Conditions were much slower than on the high-altitude court in Madrid, which favored Nadal and made it tougher for Tsitsipas to execute his attacking game.

Midway through the first set, Nadal produced an awesome forehand winner up the line on the run, drawing a loud roar from the packed Campo Centrale crowd.

Nadal broke Tsitsipas’ serve early in both sets.

In the women’s tournament, Johanna Konta rallied past sixth-seeded Kiki Bertens 5-7, 7-5, 6-2 in nearly three hours to reach the biggest clay-court final of her career.

Konta’s only previous final on clay came recently in Rabat, Morocco, where she lost the title match to Maria Sakkari.

Konta could get a rematch with Sakkari if the Greek qualifier beats fourth-seeded Karolina Pliskova in the other semifinal.

Midway through the first set, Konta surprised Bertens with a drop shot winner during a baseline rally, causing Bertens to fall on her stomach to the clay as she rapidly changed directions. Then in the next game, Konta ran down a drop shot and produced an angled winner.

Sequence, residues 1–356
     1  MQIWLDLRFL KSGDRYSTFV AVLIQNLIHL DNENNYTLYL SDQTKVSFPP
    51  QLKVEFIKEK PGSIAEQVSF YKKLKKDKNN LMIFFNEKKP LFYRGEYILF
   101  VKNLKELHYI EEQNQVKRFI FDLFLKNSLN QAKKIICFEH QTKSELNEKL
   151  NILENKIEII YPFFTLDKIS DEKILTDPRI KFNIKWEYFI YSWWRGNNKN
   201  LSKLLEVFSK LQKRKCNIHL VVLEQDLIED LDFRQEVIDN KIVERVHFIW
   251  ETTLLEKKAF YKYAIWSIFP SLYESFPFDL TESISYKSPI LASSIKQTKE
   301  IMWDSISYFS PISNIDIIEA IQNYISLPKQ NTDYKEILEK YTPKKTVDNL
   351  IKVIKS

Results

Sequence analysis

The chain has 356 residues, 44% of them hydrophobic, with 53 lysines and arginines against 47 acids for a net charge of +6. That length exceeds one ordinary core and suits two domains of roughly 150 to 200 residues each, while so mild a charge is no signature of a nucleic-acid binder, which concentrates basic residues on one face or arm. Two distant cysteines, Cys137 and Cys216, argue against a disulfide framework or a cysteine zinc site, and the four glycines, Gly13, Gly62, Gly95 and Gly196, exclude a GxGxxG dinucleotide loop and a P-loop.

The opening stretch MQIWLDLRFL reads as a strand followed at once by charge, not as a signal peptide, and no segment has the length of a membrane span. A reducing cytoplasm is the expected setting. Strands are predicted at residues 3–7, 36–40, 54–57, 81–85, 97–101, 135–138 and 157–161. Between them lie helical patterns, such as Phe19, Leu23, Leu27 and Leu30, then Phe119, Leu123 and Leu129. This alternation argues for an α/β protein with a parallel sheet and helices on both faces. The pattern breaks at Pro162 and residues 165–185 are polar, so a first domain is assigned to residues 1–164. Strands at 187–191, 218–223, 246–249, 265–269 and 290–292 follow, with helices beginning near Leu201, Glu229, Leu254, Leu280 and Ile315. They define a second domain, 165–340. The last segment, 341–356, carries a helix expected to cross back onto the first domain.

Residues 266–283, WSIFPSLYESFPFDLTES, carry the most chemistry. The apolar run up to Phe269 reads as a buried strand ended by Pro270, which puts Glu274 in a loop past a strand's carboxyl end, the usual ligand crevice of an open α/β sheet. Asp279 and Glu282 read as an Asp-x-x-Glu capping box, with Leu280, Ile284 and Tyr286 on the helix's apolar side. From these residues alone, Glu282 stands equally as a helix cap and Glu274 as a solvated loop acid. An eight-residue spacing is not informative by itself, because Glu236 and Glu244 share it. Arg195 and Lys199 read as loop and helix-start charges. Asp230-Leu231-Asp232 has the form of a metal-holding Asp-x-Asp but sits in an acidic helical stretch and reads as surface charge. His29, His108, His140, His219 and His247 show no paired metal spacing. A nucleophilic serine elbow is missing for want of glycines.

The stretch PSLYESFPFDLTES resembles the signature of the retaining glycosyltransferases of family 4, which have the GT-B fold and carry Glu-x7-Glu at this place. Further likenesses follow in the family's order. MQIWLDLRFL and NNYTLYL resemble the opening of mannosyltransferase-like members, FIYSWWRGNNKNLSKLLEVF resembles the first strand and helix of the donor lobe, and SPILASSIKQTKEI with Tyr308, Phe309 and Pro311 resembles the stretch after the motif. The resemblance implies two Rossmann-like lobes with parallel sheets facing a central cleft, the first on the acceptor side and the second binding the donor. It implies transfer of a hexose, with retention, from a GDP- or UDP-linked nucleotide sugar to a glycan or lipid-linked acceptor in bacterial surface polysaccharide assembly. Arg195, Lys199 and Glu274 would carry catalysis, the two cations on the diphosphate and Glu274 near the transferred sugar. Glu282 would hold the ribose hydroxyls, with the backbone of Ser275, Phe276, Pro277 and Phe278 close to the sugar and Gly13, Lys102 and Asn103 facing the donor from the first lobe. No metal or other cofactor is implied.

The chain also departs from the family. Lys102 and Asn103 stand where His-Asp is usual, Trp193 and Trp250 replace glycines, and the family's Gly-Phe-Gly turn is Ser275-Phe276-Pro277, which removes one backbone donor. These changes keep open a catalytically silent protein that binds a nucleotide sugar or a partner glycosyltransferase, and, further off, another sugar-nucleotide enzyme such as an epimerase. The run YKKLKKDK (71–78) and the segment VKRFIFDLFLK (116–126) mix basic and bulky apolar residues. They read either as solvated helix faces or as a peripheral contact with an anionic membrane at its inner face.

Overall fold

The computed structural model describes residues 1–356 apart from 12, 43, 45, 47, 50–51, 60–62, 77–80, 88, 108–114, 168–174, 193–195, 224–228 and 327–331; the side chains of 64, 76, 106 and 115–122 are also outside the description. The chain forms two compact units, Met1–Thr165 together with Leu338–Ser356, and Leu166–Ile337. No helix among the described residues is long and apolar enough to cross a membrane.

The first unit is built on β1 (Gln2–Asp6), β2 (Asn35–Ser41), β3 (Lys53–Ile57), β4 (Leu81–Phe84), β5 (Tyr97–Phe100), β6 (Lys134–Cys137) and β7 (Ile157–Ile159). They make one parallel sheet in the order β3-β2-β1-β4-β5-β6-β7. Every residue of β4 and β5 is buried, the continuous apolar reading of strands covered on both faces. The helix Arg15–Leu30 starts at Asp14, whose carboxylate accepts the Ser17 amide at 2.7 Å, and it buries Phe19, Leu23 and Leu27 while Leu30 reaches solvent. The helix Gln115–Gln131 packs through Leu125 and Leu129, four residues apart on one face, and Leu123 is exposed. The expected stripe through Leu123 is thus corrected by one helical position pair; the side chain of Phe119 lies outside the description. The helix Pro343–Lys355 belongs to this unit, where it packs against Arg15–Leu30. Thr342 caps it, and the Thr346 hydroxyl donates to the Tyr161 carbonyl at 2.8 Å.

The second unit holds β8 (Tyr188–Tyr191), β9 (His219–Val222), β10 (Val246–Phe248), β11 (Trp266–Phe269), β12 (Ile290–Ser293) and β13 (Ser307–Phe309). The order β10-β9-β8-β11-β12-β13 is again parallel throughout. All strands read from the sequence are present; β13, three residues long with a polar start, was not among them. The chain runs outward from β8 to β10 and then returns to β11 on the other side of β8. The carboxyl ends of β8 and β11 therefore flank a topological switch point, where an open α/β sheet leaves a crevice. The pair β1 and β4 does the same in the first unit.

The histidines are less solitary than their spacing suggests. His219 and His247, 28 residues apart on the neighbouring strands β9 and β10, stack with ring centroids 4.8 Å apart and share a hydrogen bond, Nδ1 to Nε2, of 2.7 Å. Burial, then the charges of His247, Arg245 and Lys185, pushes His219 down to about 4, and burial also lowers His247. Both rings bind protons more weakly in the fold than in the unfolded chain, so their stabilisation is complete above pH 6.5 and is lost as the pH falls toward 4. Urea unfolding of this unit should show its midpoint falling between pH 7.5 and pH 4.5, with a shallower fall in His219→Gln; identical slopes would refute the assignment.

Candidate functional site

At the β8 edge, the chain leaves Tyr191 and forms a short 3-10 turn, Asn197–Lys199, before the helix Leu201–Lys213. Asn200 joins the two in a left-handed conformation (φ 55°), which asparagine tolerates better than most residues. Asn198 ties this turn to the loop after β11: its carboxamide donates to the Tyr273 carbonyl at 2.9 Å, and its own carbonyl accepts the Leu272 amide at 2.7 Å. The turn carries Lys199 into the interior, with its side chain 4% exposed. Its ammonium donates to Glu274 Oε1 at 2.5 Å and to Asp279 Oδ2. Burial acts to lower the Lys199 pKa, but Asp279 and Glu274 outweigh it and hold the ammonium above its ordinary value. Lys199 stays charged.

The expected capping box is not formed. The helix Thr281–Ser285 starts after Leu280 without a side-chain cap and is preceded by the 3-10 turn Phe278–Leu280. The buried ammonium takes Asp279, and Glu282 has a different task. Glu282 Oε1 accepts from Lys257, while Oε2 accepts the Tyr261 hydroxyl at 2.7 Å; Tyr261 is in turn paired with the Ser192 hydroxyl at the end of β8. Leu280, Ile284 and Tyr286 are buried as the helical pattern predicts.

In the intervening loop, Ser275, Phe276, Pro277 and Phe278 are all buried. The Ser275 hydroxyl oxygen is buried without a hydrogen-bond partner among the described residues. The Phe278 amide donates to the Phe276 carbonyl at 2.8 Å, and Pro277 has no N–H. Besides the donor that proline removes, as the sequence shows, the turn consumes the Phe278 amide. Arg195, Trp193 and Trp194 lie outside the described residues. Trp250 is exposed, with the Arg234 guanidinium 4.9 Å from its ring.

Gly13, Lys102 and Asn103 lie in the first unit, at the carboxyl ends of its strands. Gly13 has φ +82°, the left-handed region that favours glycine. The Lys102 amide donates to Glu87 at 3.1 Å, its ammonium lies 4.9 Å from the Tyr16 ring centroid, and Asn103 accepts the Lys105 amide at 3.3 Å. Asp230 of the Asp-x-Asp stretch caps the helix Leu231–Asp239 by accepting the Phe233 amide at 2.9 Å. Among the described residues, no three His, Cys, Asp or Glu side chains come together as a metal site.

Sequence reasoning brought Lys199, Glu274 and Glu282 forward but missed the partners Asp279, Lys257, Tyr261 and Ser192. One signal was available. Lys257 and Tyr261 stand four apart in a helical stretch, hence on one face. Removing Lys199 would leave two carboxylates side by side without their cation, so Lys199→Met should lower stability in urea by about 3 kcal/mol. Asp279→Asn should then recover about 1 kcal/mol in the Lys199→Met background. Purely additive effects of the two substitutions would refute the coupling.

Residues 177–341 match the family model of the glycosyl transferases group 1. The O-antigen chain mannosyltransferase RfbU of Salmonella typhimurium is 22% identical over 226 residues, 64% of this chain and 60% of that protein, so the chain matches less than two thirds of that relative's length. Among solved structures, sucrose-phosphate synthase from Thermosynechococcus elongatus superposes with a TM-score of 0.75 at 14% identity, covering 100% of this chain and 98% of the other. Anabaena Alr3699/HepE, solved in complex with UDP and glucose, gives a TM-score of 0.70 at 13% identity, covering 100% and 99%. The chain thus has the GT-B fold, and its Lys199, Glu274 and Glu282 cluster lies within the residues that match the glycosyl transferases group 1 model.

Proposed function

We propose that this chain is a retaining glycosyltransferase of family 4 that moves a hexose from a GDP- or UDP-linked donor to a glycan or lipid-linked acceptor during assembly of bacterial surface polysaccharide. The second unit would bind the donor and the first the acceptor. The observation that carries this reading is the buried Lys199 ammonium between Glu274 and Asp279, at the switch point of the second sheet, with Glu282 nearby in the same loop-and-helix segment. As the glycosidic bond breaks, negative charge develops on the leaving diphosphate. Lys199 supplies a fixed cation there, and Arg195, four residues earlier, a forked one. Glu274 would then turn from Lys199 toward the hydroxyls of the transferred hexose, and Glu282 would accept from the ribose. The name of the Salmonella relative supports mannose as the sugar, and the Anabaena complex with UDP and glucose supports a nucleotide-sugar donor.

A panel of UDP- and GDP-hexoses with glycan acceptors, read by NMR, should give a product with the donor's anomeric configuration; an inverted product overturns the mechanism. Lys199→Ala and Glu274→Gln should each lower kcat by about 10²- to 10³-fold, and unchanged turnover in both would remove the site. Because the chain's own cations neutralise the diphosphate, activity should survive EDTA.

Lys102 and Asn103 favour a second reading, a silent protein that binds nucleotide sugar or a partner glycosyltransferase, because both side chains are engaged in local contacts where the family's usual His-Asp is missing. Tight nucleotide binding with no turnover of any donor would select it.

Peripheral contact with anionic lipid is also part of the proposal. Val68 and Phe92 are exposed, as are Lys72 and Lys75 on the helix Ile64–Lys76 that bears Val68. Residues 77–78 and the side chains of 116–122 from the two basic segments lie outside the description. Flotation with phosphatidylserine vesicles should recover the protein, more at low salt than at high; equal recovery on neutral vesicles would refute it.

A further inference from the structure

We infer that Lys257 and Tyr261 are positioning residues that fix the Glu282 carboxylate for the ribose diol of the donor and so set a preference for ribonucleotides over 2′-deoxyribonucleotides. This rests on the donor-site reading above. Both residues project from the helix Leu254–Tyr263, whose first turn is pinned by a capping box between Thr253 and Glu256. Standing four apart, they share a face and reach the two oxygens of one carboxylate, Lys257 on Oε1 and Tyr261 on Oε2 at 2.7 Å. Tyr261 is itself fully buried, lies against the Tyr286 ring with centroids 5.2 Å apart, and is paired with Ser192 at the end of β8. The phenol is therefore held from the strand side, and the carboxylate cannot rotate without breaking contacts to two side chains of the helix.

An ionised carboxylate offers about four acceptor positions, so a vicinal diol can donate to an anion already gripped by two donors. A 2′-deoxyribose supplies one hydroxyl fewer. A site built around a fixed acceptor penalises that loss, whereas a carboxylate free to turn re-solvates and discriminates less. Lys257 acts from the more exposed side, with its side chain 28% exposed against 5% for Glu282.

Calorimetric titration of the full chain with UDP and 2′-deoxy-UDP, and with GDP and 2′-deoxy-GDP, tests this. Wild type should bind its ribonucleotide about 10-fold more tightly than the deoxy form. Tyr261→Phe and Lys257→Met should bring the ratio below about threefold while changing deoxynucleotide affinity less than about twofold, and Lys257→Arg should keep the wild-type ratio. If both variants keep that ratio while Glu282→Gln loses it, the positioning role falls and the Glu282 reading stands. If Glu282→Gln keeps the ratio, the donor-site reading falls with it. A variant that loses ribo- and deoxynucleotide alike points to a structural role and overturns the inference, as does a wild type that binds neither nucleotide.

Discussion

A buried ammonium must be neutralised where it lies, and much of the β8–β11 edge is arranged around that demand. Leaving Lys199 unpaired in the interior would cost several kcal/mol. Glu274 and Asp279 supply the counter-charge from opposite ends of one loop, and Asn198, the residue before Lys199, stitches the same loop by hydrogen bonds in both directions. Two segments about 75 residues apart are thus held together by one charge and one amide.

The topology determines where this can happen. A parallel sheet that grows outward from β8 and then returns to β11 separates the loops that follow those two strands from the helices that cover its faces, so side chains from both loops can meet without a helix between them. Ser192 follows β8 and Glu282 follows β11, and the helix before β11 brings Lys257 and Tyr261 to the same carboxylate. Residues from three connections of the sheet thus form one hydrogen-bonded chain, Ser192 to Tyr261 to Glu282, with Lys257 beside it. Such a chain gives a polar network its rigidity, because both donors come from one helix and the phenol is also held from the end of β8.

Bertens was coming off the Madrid Open title.

“She played really smart with the drop shots,” Bertens said. “I was all the time getting myself together and trying to push for more energy. But it was not there.”

The 42nd-ranked Konta served for the first set at 5-4 but was broken at love. But Bertens double faulted to let Konta serve for the second set and Konta got an early break in the third.

More AP Tennis: https://apnews.com/apf-Tennis and https://twitter.com/AP-Sports

Andrew Dampf on Twitter: http://www.twitter.com/AndrewDampf

John Isner out of French Open with injury

Getty Images
Leave a comment

PARIS — John Isner has pulled out of the French Open because of an injured left foot, ending his streak of 24 consecutive appearances at Grand Slam tournaments.

The 34-year-old Isner announced his withdrawal Friday on Twitter.

He is ranked No. 11, the top American man, but has not competed since hurting his foot during the Miami Open final March 31.

Isner was a Wimbledon semifinalist last year, his best Grand Slam performance. He hasn’t missed a major since the 2013 Australian Open.

He’s reached the fourth round at Roland Garros three times, including in 2018, and is one of only two men to push 11-time champion Rafael Nadal to a fifth set there.

Isner is best known for winning the longest match in tennis history, 70-68 in the fifth set against Nicolas Mahut in Wimbledon’s first round in 2010. The match lasted more than 11 hours over three days.